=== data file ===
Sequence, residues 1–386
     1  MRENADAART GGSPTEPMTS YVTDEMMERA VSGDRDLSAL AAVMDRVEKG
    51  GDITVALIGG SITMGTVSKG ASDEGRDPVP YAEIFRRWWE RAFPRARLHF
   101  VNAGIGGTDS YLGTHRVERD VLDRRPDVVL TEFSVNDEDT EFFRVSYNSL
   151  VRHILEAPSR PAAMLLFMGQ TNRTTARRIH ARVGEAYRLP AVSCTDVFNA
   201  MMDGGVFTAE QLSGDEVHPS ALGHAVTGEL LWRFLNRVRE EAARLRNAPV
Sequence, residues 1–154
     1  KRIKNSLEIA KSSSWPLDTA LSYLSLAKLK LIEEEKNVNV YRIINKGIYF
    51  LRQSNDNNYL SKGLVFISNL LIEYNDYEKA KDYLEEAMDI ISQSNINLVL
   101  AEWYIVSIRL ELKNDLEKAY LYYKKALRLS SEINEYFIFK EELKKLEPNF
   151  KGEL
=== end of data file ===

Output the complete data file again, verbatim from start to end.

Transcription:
Sequence, residues 1–386
     1  MRENADAART GGSPTEPMTS YVTDEMMERA VSGDRDLSAL AAVMDRVEKG
    51  GDITVALIGG SITMGTVSKG ASDEGRDPVP YAEIFRRWWE RAFPRARLHF
   101  VNAGIGGTDS YLGTHRVERD VLDRRPDVVL TEFSVNDEDT EFFRVSYNSL
   151  VRHILEAPSR PAAMLLFMGQ TNRTTARRIH ARVGEAYRLP AVSCTDVFNA
   201  MMDGGVFTAE QLSGDEVHPS ALGHAVTGEL LWRFLNRVRE EAARLRNAPV
Sequence, residues 1–154
     1  KRIKNSLEIA KSSSWPLDTA LSYLSLAKLK LIEEEKNVNV YRIINKGIYF
    51  LRQSNDNNYL SKGLVFISNL LIEYNDYEKA KDYLEEAMDI ISQSNINLVL
   101  AEWYIVSIRL ELKNDLEKAY LYYKKALRLS SEINEYFIFK EELKKLEPNF
   151  KGEL